Is climbing the friendliest sport out there? I’m always impressed that, during the viewing period of major competitions, competitors help each other out by sharing beta, despite the fact that this could potentially harm their own chances of success. It goes further than that though: after the last world cup in Vail, Jan Hojer and Adam Ondra tried to persuade Nathaniel Coleman to take part in the China events as he had a good chance of getting on the podium in the overall competition. The fact that they were also vying for the top spot didn’t seem to have entered into the equation.
I love this about climbing. At the crag or down the local wall you regularly see groups of total strangers sharing knowledge and discussing the best way to do things. Many of the country’s top climbers live in Sheffield, and you’ll often see them chatting to, and climbing with, us mere mortals down at the wall. It seems there’s very little hierarchy in the climbing world.
Training for the British Bouldering Championships this year, it really hit home to me just how great the climbing community is. Keen to work on my technique, I spent a lot of time down at the wall learning to balance my way up slabs and jump for holds which looked impossibly far away. During this time, a lot of people helped me out with advice on my technique and useful tips on how to improve. Not just my friends, but everyone from strangers I tried problems with to the UK’s top competition climbers and the route setters themselves gave me tips on things to try, and information about what to expect on the competition day itself.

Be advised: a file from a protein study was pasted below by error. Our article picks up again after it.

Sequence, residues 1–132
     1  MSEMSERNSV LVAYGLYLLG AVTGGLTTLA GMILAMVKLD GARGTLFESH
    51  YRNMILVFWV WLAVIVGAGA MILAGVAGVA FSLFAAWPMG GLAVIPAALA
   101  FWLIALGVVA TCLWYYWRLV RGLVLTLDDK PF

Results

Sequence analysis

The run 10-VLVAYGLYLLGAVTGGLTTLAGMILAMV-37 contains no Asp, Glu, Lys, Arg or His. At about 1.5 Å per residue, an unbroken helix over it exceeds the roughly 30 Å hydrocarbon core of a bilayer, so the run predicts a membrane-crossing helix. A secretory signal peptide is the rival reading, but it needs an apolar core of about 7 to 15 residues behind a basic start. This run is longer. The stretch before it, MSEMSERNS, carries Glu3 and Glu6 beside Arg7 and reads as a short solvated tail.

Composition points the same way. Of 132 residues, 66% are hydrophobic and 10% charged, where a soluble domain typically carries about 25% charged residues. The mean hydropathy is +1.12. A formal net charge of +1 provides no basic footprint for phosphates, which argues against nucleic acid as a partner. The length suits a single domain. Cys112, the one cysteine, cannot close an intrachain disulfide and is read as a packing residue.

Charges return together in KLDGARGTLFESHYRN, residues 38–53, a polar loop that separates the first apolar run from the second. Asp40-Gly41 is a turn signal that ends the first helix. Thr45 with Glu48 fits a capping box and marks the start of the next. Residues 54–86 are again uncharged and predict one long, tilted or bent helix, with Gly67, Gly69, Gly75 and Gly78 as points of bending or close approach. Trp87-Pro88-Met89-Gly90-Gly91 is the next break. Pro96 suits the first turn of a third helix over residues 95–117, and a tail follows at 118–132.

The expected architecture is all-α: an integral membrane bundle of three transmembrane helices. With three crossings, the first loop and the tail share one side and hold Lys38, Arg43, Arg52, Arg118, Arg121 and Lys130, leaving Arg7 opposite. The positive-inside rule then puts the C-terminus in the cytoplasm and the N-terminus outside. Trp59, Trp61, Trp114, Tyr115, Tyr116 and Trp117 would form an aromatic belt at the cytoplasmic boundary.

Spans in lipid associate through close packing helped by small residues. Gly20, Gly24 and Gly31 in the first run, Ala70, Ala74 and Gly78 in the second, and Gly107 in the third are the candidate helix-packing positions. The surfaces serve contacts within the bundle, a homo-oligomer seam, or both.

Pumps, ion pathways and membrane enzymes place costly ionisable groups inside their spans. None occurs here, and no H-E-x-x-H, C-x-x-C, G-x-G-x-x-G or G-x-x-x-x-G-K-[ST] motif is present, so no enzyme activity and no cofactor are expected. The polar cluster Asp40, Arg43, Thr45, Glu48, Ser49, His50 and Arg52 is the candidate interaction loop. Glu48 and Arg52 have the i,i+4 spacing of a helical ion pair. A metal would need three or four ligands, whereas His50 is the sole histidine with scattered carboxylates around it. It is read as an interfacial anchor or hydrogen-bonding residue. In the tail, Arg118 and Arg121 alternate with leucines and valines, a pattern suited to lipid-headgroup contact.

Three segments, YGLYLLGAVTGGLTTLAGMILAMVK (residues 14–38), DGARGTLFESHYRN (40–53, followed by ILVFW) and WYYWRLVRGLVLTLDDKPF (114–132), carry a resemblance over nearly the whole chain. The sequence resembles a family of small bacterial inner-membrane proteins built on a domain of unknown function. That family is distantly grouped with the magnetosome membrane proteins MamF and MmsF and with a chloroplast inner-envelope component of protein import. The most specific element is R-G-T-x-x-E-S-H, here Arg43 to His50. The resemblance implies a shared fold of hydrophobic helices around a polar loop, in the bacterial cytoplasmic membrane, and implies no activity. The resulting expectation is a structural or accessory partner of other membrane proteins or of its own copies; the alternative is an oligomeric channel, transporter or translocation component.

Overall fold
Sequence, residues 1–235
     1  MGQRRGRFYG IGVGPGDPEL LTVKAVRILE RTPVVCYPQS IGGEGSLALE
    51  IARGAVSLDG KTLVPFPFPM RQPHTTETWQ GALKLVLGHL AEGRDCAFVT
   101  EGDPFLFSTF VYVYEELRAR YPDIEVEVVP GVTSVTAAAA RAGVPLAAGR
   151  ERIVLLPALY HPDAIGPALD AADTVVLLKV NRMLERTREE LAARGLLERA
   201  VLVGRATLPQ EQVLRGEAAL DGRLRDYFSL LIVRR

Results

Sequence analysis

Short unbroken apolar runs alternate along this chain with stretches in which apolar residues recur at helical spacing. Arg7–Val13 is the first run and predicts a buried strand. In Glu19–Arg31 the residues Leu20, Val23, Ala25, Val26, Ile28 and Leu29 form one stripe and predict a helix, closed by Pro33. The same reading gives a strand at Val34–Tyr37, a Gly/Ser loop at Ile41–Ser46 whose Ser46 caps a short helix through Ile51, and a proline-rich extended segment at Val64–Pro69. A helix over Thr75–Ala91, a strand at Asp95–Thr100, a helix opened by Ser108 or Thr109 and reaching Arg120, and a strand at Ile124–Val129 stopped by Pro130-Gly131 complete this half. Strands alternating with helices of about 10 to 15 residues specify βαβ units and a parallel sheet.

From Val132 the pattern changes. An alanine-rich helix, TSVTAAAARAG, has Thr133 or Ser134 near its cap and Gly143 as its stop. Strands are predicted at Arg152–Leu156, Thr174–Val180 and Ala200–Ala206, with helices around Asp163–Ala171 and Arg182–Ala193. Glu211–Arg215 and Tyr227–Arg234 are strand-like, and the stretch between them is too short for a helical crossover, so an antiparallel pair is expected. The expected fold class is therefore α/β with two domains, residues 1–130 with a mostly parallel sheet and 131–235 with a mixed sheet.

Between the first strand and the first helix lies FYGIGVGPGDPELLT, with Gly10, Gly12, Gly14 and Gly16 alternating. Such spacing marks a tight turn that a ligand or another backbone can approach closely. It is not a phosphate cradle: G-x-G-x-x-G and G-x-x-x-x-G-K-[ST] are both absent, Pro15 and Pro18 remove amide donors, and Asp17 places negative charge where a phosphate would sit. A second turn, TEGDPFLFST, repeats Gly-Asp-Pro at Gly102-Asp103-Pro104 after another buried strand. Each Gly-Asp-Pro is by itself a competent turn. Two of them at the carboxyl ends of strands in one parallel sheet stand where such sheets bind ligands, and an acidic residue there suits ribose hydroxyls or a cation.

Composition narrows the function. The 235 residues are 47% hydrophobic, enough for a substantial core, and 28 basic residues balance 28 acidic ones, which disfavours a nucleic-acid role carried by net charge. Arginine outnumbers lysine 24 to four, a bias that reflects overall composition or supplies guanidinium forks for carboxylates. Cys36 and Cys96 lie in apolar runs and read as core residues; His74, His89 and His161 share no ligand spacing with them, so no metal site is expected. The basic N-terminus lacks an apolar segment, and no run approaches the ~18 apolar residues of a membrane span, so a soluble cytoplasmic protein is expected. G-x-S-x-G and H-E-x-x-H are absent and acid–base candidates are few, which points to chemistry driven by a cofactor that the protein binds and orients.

Isolation was also a really friendly place to be. I had always thought it would be stressful, but I spent most of the time chatting to, and warming up with, a great group of people who were psyched for their own success, but also supportive of others too.
I used to have this image of sport being “every man for himself”, but I don’t think this is so true in climbing. I feel lucky to be part of something where people genuinely want to help each other out and see others succeed.
As for the comp, how did it go? Well I came 19th in the end, and I achieved my aim of making semis so I was really happy. The comp wall at the Cliffhanger festival was a brilliant place to compete. The brightly coloured walls and problems looked really appealing, and the open air nature meant it felt cool and breezy. The route setters had also done a fantastic job of setting interesting problems which divided the field well (not an easy task at all, I am sure). All in all, it was a brilliant weekend - roll on 2016!
This great pic was taken by Colin Perkins of Peakography - thanks Colin!